City College Spin-Off: Urban Electric Power Revolutionizes The Electric Storage – Sanjoy Banerjee 

by mcjonsey

Urban Electric Power has been expanding reliable access to electricity with renewable zinc-battery innovation. 

Sanjoy Banerjee, a Distinguished Professor of Chemical Engineering at the City College of New York, was recruited from the University of California-Santa Barbara to form the City University of New York Energy Institute. Led by Banerjee, the Institute has been working on a sustainable set of technologies to discover new and better ways to produce and store energy resources.

I realized that the most contribution we could make was energy storage, which is essential to deploying renewables for the future,” said Banerjee. “About 30% of the installed capacity of solar or wind has to be in the form of storage. This was one of the pillars of the Energy Institute when I formed, and the idea was to support low carbon technology.”

Banerjee and his team started working on zinc-manganese dioxide because of its high energy density, low self-discharge, and safety. “Zinc-manganese dioxide was low cost but not rechargeable,” said Banerjee. “We asked if we could develop a technology to make it rechargeable.”

Banerjee’s team developed a large-scale rechargeable zinc-manganese dioxide battery without a decrease in the battery’s lifetime. The technology offered an opportunity to overcome the limits of lithium-ion batteries, the dominant battery technology now for a wide variety of uses. The potential of the breakthrough innovation led Banerjee to spin-off Urban Electric Power.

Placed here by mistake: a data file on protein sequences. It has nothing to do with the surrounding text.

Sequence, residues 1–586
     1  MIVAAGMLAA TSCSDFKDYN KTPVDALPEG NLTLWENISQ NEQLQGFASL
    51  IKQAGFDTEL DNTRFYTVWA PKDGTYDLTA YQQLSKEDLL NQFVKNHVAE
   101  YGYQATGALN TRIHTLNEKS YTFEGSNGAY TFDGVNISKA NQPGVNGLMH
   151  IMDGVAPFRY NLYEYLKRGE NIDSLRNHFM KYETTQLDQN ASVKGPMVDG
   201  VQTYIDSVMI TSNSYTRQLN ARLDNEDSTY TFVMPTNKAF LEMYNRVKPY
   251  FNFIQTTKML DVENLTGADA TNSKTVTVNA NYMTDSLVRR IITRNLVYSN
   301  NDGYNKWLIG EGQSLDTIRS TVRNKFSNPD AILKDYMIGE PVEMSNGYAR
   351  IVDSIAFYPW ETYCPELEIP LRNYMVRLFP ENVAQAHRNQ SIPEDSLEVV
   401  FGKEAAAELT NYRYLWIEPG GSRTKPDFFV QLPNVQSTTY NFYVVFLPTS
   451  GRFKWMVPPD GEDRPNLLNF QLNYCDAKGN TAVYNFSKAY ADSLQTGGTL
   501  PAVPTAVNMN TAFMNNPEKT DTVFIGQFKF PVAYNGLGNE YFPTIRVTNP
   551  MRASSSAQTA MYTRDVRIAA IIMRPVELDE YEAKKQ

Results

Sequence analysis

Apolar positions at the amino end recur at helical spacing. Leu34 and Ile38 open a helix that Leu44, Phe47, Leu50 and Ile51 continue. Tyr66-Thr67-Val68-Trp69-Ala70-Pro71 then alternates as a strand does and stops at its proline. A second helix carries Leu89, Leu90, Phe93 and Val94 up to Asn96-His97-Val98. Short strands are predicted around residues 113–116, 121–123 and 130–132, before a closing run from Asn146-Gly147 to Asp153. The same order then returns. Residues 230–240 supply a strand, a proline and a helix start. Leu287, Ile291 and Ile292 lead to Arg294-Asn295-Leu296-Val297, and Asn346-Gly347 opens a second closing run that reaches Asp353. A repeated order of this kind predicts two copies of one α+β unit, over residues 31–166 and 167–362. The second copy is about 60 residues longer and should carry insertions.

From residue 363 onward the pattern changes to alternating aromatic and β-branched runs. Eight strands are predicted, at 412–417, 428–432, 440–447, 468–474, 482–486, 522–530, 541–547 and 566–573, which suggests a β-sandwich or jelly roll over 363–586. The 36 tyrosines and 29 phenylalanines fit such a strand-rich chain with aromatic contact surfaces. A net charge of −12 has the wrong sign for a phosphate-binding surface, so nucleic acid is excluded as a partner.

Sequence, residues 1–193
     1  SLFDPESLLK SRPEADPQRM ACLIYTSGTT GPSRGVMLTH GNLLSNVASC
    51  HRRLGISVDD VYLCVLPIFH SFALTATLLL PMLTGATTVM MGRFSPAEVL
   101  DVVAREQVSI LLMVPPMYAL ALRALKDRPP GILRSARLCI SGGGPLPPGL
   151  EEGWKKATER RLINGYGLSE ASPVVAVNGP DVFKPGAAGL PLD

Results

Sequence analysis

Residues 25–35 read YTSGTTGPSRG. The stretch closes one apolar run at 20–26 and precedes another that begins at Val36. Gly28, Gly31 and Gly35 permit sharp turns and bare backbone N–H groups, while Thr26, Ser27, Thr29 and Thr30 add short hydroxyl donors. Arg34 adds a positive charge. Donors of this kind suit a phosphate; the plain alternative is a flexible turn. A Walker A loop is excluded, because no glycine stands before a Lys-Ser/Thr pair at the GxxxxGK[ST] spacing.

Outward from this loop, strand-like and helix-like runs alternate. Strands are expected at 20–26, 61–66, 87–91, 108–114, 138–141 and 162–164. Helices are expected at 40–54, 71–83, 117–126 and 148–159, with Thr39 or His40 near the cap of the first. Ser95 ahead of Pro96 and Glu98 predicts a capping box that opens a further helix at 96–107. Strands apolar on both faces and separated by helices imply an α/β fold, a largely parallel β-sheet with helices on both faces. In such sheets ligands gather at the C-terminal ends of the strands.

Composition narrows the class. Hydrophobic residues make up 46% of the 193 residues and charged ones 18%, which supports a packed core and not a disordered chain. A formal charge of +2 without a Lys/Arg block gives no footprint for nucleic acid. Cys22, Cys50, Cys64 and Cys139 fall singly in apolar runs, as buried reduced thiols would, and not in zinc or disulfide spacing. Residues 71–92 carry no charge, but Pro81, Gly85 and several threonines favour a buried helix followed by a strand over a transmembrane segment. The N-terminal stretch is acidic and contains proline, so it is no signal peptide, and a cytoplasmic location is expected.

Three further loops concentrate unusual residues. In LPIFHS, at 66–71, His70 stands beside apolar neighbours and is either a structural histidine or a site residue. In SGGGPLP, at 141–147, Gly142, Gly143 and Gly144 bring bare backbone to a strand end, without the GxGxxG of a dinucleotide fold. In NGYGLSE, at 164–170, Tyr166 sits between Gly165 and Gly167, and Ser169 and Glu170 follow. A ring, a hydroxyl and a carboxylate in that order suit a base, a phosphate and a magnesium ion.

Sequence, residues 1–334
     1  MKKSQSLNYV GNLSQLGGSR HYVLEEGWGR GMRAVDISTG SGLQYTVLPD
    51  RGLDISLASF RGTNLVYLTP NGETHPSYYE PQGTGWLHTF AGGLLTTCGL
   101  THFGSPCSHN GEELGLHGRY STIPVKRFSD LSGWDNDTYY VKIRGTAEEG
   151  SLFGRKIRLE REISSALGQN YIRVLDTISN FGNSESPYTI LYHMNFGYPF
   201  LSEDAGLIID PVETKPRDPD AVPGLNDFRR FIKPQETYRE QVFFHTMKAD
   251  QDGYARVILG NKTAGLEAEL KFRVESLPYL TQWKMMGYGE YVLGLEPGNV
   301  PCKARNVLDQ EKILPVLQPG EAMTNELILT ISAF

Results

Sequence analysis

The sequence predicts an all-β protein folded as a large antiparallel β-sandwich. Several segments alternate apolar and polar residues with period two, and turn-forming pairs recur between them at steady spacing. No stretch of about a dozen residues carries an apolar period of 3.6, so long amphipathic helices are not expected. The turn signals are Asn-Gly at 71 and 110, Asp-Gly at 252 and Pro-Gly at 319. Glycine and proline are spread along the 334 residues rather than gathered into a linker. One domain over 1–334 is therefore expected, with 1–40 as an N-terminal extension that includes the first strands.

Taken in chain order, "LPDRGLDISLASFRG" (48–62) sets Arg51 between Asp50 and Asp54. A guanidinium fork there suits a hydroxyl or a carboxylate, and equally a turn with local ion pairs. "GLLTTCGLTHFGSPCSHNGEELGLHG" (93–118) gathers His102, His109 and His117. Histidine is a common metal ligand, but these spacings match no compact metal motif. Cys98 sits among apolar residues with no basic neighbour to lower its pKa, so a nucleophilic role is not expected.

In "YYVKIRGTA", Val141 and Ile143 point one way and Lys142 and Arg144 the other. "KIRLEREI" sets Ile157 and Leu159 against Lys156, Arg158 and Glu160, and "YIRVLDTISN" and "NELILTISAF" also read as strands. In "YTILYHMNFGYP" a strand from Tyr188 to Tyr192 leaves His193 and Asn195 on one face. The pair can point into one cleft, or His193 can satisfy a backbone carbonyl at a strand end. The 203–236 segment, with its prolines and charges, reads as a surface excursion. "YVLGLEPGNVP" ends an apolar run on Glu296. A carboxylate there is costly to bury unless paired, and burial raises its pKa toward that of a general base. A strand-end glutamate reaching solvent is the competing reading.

We founded Urban Electric Power with investor and government funding,” said Banerjee. “Our first building was ten blocks away from the College. Soon the company outgrew its place in Harlem and moved to Pearl River.” 

Urban Electric Power holds an exclusive license to commercialize the battery technology and manufactures batteries that serve several vital energy storage applications, such as backup power, power supply, and microgrids. The batteries are effective for both off-grid and grid-tied systems and serve as a replacement for lead-acid batteries. The technology has been used in the U.S and some developing countries. 

Recently, Urban Electric Power has installed a 120kWh grid-tied solar system in Mumbai, India. “We are working with partners in developing countries where the grid is not strong and renewable can play an important role,” said Banerjee. 

Urban Electric Power has recently started repurposing the gels used in the batteries to produce hand sanitizer as a response to Covid-19. It has been providing FDA-approved hand sanitizers to local schools, hospitals, and police departments.

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